As a trusted HR & payroll provider, Paycor gets hundreds of questions about tax forms, especially Form W-3 each year. To help HR professionals mitigate risk, our compliance experts answered the most frequently asked questions around Form W-3.
The form usually doesn’t change much from year to year, but you’ll want to double-check for potential discrepancies related to Covid-19 tax credits. Additionally, this year, disaster tax relief is available to those affected by recent disasters. Remember, if you’re ever confused by payroll terminology, you can consult our payroll glossary.
What is a W-3 form?
Technical answer: Form W-3 is used to total up all parts of Form W-2. Both forms are filed together and sent to Social Security Administration (SSA) every year. Form W-3 is also known as “Transmittal of Wage and Tax Statements.”
What employers really need to know: As an employer, your responsibility is to review all W-2s for your workforce, summarize employee wages and tax information and then combine that data into one W-3 form.
What’s the difference between Form W-2 and Form W-3?
Employees use the information provided by their employer on the Form W-2 to complete and file their personal income tax returns. Employers use Form W-3 to report employee income to the IRS and Social Security Administration.
Employers must file both W-2 and W-3 forms with the Social Security Administration by January 31 of every year.
Who must file Form W-3?
Any employer required to file Form W-2 must also file Form W-3. Be sure to use the correct version. For example, use the 2022 version for reporting 2022 taxes, even though you may be working on the form in 2023.
When do you need to file W-3 and W-2 forms?
To remain compliant, you’ll need to mail or electronically file W-2 forms and Form W-3 with the SSA by January 31 of every year.
How to complete Form W-3?
Take a deep breath. Completing Form W-3 may not be as challenging as you think. Because this form asks for the same information as Form W-2, it’s more of a time suck than anything else. To help, we’ve provided Form W-3 instructions in this article
However, since many employers still have questions about the individual sections of Form W-3, we’ve also broken down everything you need to know here:
What is a W-3 Control Number?
A control number is a unique number assigned by an employer to identify individual W-2 wage a tax statements. This section is optional.
Box b: Kind of Payer
Most likely, if you’re a private business you’ll check “941 or 941-SS”. To be sure, ask your accounting department or legal team.
Box b: Kind of Employer
Unless you’re a non-profit or government entity, select “None apply”.
Enter the combined income and tax information from all the W-2s you’re including in this W-3 filing.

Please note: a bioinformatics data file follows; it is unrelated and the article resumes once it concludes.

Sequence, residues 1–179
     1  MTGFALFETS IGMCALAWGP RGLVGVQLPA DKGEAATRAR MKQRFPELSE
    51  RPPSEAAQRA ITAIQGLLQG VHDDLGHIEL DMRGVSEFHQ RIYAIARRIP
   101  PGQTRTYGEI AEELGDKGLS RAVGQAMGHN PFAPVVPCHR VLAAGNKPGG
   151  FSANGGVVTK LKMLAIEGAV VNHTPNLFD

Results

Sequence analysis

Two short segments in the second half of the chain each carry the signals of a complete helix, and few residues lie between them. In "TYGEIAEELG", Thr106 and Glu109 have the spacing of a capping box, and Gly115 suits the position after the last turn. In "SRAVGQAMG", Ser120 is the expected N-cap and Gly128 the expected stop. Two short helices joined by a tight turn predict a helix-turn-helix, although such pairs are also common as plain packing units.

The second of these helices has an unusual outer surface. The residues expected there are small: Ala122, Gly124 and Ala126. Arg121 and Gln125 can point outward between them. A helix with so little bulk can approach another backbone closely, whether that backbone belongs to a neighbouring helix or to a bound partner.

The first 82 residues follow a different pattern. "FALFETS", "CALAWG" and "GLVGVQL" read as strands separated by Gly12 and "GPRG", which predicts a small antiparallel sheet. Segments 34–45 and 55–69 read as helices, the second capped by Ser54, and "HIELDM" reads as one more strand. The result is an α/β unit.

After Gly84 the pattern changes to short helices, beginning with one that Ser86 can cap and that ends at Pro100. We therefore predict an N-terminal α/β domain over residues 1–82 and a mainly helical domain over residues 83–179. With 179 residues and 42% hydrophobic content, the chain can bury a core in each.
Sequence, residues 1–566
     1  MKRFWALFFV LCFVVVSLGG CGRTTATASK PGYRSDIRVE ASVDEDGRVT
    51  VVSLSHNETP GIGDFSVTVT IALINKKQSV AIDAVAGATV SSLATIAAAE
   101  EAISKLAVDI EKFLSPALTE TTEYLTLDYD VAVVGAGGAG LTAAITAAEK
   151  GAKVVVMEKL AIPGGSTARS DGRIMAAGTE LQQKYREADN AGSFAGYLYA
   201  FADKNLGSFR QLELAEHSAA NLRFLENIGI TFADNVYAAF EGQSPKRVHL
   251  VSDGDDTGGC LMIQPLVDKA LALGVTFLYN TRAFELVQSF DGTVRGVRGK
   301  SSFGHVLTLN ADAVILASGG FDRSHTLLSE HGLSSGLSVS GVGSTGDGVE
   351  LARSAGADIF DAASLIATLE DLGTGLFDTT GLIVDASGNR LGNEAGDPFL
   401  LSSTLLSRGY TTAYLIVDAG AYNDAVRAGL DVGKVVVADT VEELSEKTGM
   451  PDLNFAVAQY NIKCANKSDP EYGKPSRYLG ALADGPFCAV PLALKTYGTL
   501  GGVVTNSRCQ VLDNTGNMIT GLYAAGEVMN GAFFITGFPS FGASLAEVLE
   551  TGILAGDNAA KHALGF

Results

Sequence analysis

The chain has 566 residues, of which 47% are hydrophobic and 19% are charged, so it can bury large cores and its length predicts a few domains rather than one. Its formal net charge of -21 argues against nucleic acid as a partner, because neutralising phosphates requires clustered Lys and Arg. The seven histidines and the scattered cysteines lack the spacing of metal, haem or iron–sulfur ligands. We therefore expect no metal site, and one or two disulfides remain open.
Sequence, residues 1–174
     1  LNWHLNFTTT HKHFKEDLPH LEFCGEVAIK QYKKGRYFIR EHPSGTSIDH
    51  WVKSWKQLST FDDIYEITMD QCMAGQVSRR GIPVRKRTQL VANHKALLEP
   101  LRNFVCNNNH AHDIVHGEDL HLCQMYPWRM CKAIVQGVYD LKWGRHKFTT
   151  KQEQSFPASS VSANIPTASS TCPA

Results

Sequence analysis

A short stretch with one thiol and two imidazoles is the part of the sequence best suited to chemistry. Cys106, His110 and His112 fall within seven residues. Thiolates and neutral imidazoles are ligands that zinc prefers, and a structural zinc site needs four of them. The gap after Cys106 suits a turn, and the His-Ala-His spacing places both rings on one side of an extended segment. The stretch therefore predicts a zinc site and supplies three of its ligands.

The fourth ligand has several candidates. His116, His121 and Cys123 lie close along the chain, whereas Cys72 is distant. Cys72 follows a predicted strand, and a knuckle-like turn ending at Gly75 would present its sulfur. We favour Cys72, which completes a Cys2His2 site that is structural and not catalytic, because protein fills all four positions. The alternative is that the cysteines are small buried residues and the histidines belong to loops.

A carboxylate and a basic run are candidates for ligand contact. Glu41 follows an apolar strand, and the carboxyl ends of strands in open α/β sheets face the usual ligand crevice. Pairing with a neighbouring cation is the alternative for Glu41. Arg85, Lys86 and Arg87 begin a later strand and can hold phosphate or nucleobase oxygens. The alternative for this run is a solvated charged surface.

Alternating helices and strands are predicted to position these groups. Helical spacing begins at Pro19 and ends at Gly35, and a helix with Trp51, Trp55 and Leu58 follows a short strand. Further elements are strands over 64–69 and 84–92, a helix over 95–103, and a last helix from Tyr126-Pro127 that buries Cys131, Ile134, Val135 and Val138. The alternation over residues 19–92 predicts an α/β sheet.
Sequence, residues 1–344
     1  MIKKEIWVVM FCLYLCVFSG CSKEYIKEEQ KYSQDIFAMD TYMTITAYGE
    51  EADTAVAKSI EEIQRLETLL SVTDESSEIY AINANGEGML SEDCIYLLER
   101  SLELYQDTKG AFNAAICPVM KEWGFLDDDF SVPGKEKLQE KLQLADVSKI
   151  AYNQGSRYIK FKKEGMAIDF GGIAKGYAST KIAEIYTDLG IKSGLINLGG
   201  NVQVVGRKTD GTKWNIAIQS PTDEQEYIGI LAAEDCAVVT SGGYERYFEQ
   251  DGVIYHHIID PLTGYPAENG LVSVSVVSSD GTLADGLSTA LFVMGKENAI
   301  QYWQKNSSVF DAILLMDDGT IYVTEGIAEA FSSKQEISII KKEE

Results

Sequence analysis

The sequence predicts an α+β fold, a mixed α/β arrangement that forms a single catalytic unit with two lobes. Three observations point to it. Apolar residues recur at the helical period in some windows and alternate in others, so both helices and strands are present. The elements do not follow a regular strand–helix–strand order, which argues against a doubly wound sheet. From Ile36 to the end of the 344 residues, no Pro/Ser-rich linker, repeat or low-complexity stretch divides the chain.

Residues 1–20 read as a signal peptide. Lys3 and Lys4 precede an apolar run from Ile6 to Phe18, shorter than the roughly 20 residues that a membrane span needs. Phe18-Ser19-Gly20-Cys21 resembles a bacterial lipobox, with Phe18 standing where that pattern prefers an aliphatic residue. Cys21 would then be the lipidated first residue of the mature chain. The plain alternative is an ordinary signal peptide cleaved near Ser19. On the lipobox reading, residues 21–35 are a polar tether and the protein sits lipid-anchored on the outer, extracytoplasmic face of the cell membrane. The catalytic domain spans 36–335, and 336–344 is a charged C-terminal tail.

How to file a W-3?
W-2s and W-3s can be filed by mail or electronically. However, if you have 250 or more W-2 forms, you must electronically file both forms.
To file W-2s electronically, you’ll need to register for the Social Security Administrations business services (BSO) online.
When you complete that step, you have 2 options:
- Upload wage files from your payroll or tax software
- You can use a fill-in W-3 form to submit up to 50 W-2 forms at a time
If you decide to mail the forms, send them to the following address:
Social Security Administration
Direct Operations Center
Wilkes-Barre, PA 18769-0001
If you use “Certified Mail” to file, change the ZIP code to “18769-0002”. If you use an IRS-approved private delivery service, add “Attn: W-2 Process, 1150 E. Mountain Dr.” to the address and change the ZIP code to “18702-7997”. Go to IRS.gov/PDS for a list of IRS-approved private delivery services.
Where can you get W-3 forms?
Keep in mind, you can’t just print off a W-3 form from the IRS website and file it with the SSA. The form is printed with special red ink, so you’ll need to buy the official form from the same place you buy your W-2 forms. If you partner with an HR and payroll provider, they’ll complete the forms for you.
If you’re a Paycor customer and still have unanswered questions, please contact your payroll specialist for more support.
How Paycor Can Help
We’re proud to keep more than 30,000 organizations informed and compliant with federal and state laws and regulations. Since 1990, Paycor has maintained a core expertise in payroll and compliance. We established our compliance expertise in the Cincinnati tri-state area, one of the most complex tax jurisdictions in the country, which is why we’re able to handle payroll and tax complexities in a way our competitors can’t.